Have you ever been outside in the kind of weather that is so perfect you don’t know how to describe it? As though it is neither hot nor cold, and although it almost feels the same as being inside, it is different because the sun is lightly kissing your skin, a light breeze is flirting with you, and somehow, you know you are outside. This is what every day in California is like. Perfect. The kind of perfect that is hard to describe.
It started the minute we stepped off the plane in LA. Well not quite. The airport there is always hot and full of smoke. But once we got in the car, greeted by Miss Katie, my husband’s mom, and Todd, and the luscious scent of sweet fruit, I knew the adventure was beginning.
On the second day of our stay, I woke up late, relaxed and refreshed and put on my running clothes. I headed out into the neighborhood and was awed by the palm trees and mountains as I ran past them. The air was warm but perfect, and the neighborhood was alive with people setting out Christmas decorations or walking home with their shopping bags swinging loosely by their sides. In California, our Texas homes would have looked out of place. Instead, cool whitewashed walls lined the neighborhood and bright, tropical plants caught my eye. I had to stop several times to snap photographs of the landscaping.
When I returned, Todd was already in the kitchen, thoughtfully making my husband and I waffles for breakfast. We ate breakfast outside on the porch, overlooking the canal that runs through the neighborhood. We sipped on cold Bai and listened to the sound of running water from the fountain, and ducks quacking. Then, I took the opportunity to stretch out in the hammock and read in the sunshine.
Later in the afternoon, it was time to leave for dinner as we were anticipating a long wait. The restaurant, Beach Comber, was located on Laguna Beach. As expected, we were quoted an hour and a half wait time. But the wait was hardly a wait. We set off, walking down the beach, our feet in the freezing surf. At first, the beach was full of people, but the further we walked down the beach, the less crowded it became. We talked and laughed and listened to the waves crashing on the shore.
The rocks along the beach were scattered, but in some places, they became larger and closer together. We sought out these pools of water, made by the clustered rocks, to wade into and step on the snapping seaweed, nature’s bubble wrap. Miss Katie also introduced us to mossy looking sea urchins with gaping holes at their center which kiss your toes and then retreat into the sand when you step on them.
Finally, we made our way back up the beach and browsed a shop next to the restaurant. And then, it was time to eat. Our buzzer went off just at the first signs of the sun beginning to set.
We followed the waiter in his white uniform up the steps of the porch and took our seats at a table for four in the center of the porch. I ordered cold water and then began looking over the menu. The menu was short, which was good because I could never have made a decision had there been more options. Since I was the only one who had never been there before, Miss Katie and my husband insisted that we try the clam chowder. I did not object.
Our bowls of chowder arrived with bacon crumbled on top. I dipped my spoon into the soup, breaking through the top layer of thick cream that had begun to clot on the surface. The chowder was so creamy it seemed to slide down my throat, the thick chewy clams complimenting it. I can’t remember much else about the clam chowder because I was so immersed in eating it.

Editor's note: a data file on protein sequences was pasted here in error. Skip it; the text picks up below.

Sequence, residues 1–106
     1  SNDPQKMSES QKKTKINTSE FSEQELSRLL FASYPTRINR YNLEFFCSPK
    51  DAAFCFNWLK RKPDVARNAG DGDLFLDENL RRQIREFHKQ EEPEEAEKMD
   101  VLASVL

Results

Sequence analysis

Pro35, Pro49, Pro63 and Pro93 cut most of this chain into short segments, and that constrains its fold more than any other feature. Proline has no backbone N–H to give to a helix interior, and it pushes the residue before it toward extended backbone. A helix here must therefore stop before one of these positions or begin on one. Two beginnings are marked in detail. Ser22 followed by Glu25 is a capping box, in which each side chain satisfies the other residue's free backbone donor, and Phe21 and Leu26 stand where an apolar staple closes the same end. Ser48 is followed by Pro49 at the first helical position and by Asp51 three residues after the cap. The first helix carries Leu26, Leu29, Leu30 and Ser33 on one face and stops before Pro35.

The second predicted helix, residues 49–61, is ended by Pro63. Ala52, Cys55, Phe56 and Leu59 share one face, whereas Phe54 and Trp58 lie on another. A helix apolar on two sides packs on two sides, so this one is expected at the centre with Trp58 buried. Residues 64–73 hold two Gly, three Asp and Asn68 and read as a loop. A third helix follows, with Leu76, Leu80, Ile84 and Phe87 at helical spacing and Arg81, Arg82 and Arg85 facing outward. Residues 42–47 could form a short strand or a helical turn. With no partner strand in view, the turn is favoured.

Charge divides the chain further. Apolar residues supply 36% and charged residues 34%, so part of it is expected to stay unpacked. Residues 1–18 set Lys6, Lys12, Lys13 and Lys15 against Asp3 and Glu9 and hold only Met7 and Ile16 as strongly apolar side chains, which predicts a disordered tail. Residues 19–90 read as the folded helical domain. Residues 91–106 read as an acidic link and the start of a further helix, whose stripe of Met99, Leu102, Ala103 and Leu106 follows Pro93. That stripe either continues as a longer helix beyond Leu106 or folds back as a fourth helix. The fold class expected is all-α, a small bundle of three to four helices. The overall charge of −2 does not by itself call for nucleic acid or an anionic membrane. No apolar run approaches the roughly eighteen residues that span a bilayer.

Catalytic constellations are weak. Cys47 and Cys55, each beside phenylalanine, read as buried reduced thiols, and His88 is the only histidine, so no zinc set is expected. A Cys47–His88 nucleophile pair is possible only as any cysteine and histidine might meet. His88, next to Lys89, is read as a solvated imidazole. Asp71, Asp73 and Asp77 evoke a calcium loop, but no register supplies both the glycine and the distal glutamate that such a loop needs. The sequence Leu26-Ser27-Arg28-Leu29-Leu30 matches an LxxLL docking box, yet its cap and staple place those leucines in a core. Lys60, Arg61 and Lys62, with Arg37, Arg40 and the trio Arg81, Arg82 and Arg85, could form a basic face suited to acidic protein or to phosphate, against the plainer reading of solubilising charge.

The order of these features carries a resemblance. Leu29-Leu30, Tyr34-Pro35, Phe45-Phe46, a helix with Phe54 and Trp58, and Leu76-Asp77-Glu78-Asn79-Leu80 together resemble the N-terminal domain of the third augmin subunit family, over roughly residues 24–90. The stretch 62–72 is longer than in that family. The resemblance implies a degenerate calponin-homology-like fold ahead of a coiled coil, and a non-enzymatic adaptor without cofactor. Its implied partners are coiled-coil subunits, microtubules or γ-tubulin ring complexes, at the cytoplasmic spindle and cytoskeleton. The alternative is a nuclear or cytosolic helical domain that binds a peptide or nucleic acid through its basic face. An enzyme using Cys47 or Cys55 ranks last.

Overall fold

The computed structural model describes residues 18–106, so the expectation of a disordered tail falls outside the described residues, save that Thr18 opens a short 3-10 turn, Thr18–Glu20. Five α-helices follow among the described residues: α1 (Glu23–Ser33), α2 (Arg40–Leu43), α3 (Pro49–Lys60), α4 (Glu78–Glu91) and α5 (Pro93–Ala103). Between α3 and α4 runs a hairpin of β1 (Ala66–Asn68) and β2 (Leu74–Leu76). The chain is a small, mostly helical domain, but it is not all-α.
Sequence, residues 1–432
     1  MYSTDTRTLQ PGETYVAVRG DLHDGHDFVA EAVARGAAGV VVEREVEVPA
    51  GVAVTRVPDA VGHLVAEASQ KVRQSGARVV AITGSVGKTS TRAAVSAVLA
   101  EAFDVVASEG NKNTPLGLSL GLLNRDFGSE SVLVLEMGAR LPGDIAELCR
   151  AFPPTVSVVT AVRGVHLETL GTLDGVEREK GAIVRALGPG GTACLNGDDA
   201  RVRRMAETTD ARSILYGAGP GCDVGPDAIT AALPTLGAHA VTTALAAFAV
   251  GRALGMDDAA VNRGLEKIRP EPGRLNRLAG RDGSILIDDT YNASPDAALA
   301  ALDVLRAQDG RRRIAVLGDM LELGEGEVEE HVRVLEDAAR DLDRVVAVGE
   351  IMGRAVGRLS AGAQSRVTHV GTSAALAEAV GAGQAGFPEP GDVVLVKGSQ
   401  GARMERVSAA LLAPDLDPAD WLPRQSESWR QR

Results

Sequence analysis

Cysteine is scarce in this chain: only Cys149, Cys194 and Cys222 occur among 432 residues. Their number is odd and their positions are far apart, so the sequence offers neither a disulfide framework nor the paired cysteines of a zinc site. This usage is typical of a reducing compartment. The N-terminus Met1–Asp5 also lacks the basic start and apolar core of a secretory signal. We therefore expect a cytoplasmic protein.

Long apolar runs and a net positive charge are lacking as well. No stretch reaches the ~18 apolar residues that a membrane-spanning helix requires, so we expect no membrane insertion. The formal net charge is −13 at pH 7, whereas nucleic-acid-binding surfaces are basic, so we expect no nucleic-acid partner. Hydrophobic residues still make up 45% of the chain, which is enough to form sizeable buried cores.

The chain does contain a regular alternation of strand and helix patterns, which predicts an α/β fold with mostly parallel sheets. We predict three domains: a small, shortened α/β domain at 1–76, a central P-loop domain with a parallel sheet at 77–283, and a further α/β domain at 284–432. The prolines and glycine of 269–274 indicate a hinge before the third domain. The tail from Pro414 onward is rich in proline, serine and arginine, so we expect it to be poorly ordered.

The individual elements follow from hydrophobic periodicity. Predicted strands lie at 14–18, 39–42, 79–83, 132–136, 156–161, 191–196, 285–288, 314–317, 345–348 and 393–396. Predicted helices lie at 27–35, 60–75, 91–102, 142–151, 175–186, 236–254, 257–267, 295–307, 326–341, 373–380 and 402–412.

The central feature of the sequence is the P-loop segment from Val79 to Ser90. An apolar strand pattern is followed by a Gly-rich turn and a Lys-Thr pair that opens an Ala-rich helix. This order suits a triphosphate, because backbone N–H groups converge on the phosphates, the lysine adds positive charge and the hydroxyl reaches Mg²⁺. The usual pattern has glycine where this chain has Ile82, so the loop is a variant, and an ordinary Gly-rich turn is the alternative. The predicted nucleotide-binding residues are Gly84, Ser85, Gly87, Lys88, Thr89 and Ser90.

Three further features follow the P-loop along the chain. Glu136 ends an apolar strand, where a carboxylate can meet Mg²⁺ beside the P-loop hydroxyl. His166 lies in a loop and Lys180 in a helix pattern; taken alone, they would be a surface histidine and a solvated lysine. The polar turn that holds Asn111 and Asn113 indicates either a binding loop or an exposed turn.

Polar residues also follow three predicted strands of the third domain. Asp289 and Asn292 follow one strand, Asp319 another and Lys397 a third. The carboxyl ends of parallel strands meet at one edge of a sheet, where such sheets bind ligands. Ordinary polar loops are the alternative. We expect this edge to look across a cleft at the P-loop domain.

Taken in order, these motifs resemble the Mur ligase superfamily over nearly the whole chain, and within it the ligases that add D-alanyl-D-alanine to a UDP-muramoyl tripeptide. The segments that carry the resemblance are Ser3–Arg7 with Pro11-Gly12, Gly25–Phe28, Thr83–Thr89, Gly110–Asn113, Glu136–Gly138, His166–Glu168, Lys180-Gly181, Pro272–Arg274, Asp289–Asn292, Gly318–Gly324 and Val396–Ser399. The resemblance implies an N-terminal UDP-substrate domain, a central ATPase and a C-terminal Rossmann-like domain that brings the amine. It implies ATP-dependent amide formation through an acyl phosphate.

Once again, Miss Katie said we must try an appetizer so that we could admire the beautiful garnishes. She was right. A huge plate of fried calamari and zucchini was delivered to our table with beautiful fresh herbs and lemon decorating it. The batter was light and seemed to pop in my mouth when I ate it. I was expecting something heavy since it was fried, but I was not. The sweet marinara sauce created the perfect sweet and salty contrast. Miss Katie ordered a fruit and grilled salmon salad for herself. Todd requested his favorite: the beer battered fish and chips, and I followed in suite of my husband and ordered the Marine Lobster Club. It arrived in two lightly toasted triangles, the fresh lobster spilling out the sides. Once again, I had been expecting something heavy, but it was not. The lobster meat was covered in a fresh salad of lettuce, avocado, tomatoes, and some sort of celery and mayonnaise sauce, topped with a thick, juicy, slice of bacon. It was fresh, light, and springy. When I bit into the sandwich I felt my teeth sink through the toasted bread and bacon, slid through the fresh meat and salad, and then sink through the bottom slice of bread again. I did it again and again, sighed, and picked up the other triangle.
Meanwhile, the sun had been dipping further and further into the ocean and the sky had become a canvas of rich oranges, purples, and blues, all the colors of royalty. The wispy clouds were no longer white but had been illuminated by the radiant sun, and the island the sun vanished behind was a deep purple. I ran down the steps of the porch to take a picture, and then it was over and we were walking up the winding path and through the tunnel with murals to the car. As I reflect upon this afternoon, it all becomes a blur of warm salty wind and sand, family and laughter, and the freshest seafood and flavors of the Pacific coast.
This post goes out to Miss Katie and Todd as a big thank you for hosting us for a long weekend of fun and rest.
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